While low vitamin D status has been shown to be associated with decreased quality of life in unhealthy populations and women, only limited data are available regarding healthy adult men. Our aim was to evaluate the associations between health-related quality of life (QoL) [...] Read more.
While low vitamin D status has been shown to be associated with decreased quality of life in unhealthy populations and women, only limited data are available regarding healthy adult men. Our aim was to evaluate the associations between health-related quality of life (QoL) and vitamin D status in adult men. High-tech employees aged 25–65 year were recruited from an occupational periodic examination clinic at Rambam Health Campus. QoL was assessed using the Centers for Disease Control and Prevention (CDC) Health-related quality of life questionnaire (HRQOL-4). Serum 25-hydroxyvitamin D (25(OH)D) and Body Mass Index (BMI) were measured; further information was collected about physical activity, education, sun exposure, sick-days, and musculoskeletal pain severity (visual analog scale). Three hundred and fifty-eight men were enrolled in the study; mean serum 25(OH)D level was 22.1 ± 7.9 ng/mL (range 4.6–54.5 ng/mL). In a multivariate logistic regression model, 25(OH)D was a significant independent determinant of self-rated health; Odds Ratio (OR) for self-rated health was 0.91 (95% confidence interval (CI) 0.85–0.97, p = 0.004), adjusted for age, BMI, pain severity, physical activity, and sun exposure. Every 1 ng/mL increase of 25(OH)D was associated with 9% reduction in the odds of reporting self-rated health as fair or poor. Poisson regression model demonstrated an association between physically unhealthy days and 25(OH)D levels (rate ratio 0.95, p < 0.001). In conclusion, serum levels of 25(OH)D were associated with self-rated health and with physically unhealthy days of HRQOL in healthy high-tech male workers. Future intervention studies are required to test the impact of vitamin D supplementation on QoL. Full article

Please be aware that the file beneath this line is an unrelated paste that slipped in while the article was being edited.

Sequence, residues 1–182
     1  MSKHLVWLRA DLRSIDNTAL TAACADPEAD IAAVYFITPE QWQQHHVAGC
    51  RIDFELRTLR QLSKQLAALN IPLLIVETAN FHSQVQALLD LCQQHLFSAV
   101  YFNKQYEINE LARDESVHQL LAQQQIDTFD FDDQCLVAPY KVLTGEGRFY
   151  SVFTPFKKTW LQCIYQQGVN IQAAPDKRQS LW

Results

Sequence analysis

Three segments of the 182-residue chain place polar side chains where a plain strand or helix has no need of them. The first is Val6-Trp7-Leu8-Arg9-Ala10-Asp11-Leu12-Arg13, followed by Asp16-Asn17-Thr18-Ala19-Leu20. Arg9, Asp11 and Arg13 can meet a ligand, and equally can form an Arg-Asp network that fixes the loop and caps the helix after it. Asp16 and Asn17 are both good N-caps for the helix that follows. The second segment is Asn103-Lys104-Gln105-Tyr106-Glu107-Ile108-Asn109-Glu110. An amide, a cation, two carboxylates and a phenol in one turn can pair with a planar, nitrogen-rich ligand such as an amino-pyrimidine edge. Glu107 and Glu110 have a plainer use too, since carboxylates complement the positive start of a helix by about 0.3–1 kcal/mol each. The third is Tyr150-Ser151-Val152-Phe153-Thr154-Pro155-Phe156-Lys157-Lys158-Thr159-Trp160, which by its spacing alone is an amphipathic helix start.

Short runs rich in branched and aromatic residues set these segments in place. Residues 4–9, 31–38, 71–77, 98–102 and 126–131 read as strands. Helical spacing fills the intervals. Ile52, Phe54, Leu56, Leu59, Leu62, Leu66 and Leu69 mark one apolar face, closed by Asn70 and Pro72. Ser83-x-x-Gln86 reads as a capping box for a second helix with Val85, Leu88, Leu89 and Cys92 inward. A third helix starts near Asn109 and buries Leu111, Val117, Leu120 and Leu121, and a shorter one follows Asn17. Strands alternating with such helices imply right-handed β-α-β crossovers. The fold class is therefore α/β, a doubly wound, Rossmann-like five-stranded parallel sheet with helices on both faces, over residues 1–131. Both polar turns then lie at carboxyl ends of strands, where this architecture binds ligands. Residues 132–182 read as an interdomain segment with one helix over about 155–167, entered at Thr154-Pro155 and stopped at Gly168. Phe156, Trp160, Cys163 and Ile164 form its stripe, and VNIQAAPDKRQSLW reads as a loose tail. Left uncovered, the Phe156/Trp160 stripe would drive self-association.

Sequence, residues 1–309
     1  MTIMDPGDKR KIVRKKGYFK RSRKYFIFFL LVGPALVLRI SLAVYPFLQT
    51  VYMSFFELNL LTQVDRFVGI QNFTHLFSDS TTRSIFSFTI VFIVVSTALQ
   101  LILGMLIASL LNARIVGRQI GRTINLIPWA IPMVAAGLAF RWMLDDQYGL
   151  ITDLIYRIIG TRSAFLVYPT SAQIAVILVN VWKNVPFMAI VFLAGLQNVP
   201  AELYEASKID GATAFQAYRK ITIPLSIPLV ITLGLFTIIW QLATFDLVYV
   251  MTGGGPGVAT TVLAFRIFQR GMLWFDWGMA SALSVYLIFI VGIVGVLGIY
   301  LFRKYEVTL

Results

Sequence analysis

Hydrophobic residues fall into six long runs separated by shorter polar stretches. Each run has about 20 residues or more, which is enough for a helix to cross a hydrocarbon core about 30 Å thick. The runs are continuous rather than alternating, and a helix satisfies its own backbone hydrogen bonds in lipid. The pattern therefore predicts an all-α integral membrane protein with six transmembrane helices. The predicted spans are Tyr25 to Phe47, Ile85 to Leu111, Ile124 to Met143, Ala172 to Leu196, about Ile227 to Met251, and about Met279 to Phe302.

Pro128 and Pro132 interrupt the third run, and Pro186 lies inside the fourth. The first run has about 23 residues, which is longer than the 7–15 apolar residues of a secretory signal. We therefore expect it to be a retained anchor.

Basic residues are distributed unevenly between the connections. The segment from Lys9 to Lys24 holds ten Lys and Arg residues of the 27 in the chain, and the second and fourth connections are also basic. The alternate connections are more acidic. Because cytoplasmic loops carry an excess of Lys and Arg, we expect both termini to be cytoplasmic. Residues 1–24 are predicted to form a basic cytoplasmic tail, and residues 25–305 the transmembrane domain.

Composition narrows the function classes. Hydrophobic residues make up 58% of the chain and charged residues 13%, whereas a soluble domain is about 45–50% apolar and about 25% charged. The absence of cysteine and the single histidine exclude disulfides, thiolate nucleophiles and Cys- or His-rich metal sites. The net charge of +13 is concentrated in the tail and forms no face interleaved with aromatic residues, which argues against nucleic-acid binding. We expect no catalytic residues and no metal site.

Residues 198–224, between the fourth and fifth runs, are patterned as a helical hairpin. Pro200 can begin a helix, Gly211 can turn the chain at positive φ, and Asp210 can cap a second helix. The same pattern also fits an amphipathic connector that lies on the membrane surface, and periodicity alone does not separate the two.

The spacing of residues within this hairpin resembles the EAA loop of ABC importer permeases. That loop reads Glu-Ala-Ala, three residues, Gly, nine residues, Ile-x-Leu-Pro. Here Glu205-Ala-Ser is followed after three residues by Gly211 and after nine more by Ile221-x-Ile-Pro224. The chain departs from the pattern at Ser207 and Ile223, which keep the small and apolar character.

Open AccessArticle
Vitamin D and Sunlight Exposure in Newly-Diagnosed Parkinson’s Disease
Nutrients 2016, 8(3), 142; https://doi.org/10.3390/nu8030142 - 04 Mar 2016
Cited by 11
Abstract
Circulating vitamin D has previously been found to be lower in patients with Parkinson’s disease (PD), while the effects of sunlight exposure have not yet been fully investigated. Therefore, we evaluated the associations between serum vitamin D, vitamin D intake, sunlight exposure, and [...] Read more.